My IP Got Pirated: How I Took It Down

You wrote a book and it’s been published, either traditionally or by you. Now you can focus on promoting it. But if you own the copyright, you have another task in this digital age: Protecting your work on the Internet.

Recently, I did a Google search for my book, Writing Well in the 21st Century: The Five Essentials, to see what would come up–and of course to see how many hits it would get. But I was shocked to find that someone was offering free video downloads of my book’s content on YouTube.

Since I own my copyright, I did a search for “copyright infringement” on YouTube. Apparently, they take Intellectual Property seriously—as they should. On Barbara Mende’s advice, I looked for a YouTube takedown notice and filed it with them against both postings offering the free downloads.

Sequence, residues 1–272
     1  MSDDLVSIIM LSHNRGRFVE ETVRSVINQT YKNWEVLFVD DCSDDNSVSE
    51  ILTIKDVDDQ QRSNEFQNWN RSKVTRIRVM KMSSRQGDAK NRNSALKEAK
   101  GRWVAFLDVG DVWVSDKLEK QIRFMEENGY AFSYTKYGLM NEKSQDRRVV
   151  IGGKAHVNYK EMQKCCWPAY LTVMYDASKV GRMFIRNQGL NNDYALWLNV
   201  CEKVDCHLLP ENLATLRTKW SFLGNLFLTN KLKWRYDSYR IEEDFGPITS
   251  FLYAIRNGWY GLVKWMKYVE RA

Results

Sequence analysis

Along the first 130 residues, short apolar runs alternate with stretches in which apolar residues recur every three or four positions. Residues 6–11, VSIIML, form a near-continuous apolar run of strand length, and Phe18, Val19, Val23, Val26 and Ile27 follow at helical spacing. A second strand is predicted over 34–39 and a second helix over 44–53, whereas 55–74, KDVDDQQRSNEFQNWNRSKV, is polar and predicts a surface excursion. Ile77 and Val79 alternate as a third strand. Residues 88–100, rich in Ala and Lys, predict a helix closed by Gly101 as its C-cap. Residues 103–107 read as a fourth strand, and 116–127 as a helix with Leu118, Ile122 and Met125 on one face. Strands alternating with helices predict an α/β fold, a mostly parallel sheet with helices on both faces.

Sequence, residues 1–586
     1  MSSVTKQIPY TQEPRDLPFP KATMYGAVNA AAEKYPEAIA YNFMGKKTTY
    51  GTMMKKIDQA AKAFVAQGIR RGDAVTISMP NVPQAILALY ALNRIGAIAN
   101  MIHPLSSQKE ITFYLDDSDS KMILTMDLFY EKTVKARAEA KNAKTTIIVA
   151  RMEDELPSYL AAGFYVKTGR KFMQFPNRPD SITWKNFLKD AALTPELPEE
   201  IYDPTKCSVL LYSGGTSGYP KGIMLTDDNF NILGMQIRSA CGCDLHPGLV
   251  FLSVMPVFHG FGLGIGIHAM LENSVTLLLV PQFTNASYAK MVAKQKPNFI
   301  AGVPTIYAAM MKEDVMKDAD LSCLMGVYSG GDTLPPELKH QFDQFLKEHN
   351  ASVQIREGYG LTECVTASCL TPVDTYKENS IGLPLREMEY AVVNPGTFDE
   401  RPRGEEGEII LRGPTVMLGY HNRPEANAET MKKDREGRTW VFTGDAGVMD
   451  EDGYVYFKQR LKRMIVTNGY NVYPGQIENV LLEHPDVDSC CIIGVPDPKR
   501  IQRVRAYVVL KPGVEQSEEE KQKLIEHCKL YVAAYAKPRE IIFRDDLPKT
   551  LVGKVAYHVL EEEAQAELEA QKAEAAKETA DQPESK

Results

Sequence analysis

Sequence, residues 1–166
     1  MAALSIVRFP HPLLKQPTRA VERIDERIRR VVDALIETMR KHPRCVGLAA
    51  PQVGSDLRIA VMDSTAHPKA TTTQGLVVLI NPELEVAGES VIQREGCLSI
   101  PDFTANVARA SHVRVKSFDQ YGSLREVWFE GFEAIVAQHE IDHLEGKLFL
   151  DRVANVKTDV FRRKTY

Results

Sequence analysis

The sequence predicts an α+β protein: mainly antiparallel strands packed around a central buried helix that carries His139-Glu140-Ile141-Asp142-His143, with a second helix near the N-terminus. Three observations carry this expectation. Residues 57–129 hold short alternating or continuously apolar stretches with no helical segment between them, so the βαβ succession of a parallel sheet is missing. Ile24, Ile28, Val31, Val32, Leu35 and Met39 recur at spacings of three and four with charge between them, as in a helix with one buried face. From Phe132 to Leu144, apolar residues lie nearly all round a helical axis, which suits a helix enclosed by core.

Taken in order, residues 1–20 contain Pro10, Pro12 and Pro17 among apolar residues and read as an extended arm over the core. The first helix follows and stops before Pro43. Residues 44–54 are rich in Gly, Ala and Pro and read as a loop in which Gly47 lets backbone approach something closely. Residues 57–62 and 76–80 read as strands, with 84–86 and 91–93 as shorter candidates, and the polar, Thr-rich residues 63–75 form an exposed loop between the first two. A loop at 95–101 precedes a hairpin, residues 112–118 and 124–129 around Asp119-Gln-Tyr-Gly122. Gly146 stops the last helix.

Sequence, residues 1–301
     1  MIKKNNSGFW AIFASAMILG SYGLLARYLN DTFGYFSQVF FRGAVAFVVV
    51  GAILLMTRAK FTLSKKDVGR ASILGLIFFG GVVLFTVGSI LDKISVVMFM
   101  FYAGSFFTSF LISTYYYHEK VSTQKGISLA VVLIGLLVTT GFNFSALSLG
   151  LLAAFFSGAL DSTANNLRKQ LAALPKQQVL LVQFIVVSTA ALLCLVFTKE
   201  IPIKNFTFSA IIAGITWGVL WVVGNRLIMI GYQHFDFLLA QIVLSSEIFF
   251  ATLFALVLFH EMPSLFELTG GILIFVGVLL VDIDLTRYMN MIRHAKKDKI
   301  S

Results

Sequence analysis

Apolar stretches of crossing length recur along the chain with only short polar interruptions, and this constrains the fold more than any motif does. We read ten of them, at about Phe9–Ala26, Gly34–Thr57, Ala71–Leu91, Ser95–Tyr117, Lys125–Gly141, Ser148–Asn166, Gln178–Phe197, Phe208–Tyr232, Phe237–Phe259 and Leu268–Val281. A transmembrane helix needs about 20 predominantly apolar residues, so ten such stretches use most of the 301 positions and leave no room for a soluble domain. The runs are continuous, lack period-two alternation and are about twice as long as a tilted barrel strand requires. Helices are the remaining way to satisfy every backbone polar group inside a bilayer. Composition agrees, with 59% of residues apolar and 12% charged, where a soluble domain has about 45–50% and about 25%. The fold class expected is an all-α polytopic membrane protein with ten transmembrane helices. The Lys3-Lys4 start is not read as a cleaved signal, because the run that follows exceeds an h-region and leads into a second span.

Within two hours, I received word from YouTube that my content had been taken down. But that’s not the end of the story. Just three hours later, there were two new postings of my book! The pirating will go on and on, but so will my vigilance.

So hear ye, hear ye, writers of this digital era, search for your work regularly to see if it’s been made available as a free download on YouTube or any other website. If so, file a copyright-infringement takedown notice. (Read more about this on  NWU’s website here.)

Your book is your idea brought to fruition; take the time to protect it!

Linda Spencer is the author of Writing Well in the 21st Century the Five Essentials. Barbara Mende is the coordinator for the Grievance and Contract Division of the National Writers Union.

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